After having been written off as a failure, the New Pension System is in the midst of a complete overhaul. Under its second chairman, Yogesh Agarwal, NPS regulator PFRDA (Pension Fund Regulatory and Development Authority) is well on its way to fixing the flaws that had made the NPS a non-starter. However, the ultimate goal of the NPS - that of creating a retirement benefit system that can help every Indian - will be met only if the government lets it become an alternative for the EPF.
As the PFRDA chairman described to me last week, there's now full recognition that there were deep flaws in the original structure and no realistic business model was possible for various participants for either the distributors or the pension fund managers. The distributors (mostly banks) had to contend with very low fees which made it impossible not to make a loss on the NPS. And the fund managers have to contend with very low fees produced by an auction process along with a short three-year terms, which precludes taking a long-term view of the business.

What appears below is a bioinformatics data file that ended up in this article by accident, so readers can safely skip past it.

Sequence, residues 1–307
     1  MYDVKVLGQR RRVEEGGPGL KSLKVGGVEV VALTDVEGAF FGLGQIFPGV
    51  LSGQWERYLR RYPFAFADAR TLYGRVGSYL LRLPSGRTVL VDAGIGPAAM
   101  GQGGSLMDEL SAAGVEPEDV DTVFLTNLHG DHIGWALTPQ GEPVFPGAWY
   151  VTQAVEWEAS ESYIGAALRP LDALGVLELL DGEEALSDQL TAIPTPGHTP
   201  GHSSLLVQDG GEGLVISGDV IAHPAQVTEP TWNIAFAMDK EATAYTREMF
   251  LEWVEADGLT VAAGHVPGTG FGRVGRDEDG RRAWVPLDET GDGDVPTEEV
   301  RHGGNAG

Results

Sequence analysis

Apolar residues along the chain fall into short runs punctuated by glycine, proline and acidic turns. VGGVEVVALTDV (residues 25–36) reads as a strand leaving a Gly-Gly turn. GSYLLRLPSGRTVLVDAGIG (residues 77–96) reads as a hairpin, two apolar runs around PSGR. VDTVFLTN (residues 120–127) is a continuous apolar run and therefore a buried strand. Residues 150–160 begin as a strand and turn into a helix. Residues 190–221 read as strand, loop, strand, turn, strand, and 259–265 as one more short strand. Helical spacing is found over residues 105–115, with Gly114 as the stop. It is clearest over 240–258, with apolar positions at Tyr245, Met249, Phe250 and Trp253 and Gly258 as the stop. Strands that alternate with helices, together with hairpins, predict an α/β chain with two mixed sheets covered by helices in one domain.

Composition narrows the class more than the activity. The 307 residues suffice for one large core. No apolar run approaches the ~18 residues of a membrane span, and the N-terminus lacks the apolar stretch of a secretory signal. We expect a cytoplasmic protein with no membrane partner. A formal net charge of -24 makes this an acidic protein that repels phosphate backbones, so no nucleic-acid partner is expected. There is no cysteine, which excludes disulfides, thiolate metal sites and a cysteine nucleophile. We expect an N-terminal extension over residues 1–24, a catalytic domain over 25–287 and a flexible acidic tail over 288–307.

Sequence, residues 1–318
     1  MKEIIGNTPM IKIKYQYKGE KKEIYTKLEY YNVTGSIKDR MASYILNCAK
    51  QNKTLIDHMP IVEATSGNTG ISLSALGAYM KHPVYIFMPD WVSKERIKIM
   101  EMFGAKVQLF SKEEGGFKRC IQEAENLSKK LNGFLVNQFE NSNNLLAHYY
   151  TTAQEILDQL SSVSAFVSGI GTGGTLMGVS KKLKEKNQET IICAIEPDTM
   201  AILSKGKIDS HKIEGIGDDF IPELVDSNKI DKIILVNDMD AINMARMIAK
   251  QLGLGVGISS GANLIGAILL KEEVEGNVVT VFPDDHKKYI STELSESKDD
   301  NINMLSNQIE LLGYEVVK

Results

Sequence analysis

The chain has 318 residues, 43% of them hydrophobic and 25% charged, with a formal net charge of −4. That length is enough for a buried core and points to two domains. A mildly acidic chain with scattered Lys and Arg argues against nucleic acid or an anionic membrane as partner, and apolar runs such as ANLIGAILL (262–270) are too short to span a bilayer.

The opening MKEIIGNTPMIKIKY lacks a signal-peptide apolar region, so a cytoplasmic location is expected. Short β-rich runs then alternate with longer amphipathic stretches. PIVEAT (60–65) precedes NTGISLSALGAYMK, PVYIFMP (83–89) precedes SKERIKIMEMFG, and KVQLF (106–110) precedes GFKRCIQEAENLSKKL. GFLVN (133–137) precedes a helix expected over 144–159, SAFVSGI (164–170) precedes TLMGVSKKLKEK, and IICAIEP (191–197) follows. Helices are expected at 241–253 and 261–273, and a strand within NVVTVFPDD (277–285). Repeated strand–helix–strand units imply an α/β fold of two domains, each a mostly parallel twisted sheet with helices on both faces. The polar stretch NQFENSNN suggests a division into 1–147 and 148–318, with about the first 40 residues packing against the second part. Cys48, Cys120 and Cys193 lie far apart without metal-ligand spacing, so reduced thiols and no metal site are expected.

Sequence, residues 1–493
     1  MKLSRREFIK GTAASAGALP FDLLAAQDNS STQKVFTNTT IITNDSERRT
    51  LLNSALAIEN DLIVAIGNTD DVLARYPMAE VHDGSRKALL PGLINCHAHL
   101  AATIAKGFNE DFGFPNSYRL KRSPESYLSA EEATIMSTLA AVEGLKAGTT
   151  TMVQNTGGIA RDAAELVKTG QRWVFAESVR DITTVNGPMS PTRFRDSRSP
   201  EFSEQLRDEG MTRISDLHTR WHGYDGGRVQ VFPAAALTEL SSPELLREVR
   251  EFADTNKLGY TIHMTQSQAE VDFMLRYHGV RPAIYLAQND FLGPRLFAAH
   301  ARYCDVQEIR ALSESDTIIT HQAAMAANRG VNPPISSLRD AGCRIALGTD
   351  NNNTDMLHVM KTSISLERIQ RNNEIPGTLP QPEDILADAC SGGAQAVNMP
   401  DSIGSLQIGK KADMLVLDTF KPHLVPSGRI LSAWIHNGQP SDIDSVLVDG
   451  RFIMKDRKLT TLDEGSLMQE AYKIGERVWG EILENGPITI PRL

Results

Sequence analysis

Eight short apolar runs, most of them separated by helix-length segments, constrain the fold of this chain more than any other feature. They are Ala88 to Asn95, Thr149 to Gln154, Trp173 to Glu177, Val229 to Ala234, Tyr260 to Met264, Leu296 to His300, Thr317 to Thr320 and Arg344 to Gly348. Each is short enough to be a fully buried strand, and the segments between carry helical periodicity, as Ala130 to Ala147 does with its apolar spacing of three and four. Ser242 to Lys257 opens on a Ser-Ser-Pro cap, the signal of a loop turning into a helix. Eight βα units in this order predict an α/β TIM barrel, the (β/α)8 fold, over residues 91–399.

The PFRDA has changed the distributors' fee from Rs 20 per transaction to 0.25% and is also working towards changing the fund managers' deal when the term ends. These measures will help but they are unlikely to solve the basic problem. A low-cost, sensibly-run savings and retirement scheme cannot compete on equal terms with commercial alternatives because the latter will always have more money to spend on marketing and sales. The only logical solution is to make the NPS a permissible substitute (and eventually a complete replacement) for the EPF.
The structure of the NPS, in terms of returns, service quality, transparency, as well the government's implicit liability is infinitely better than the EPF. It's only when that happens will the NPS be able to realise its full potential.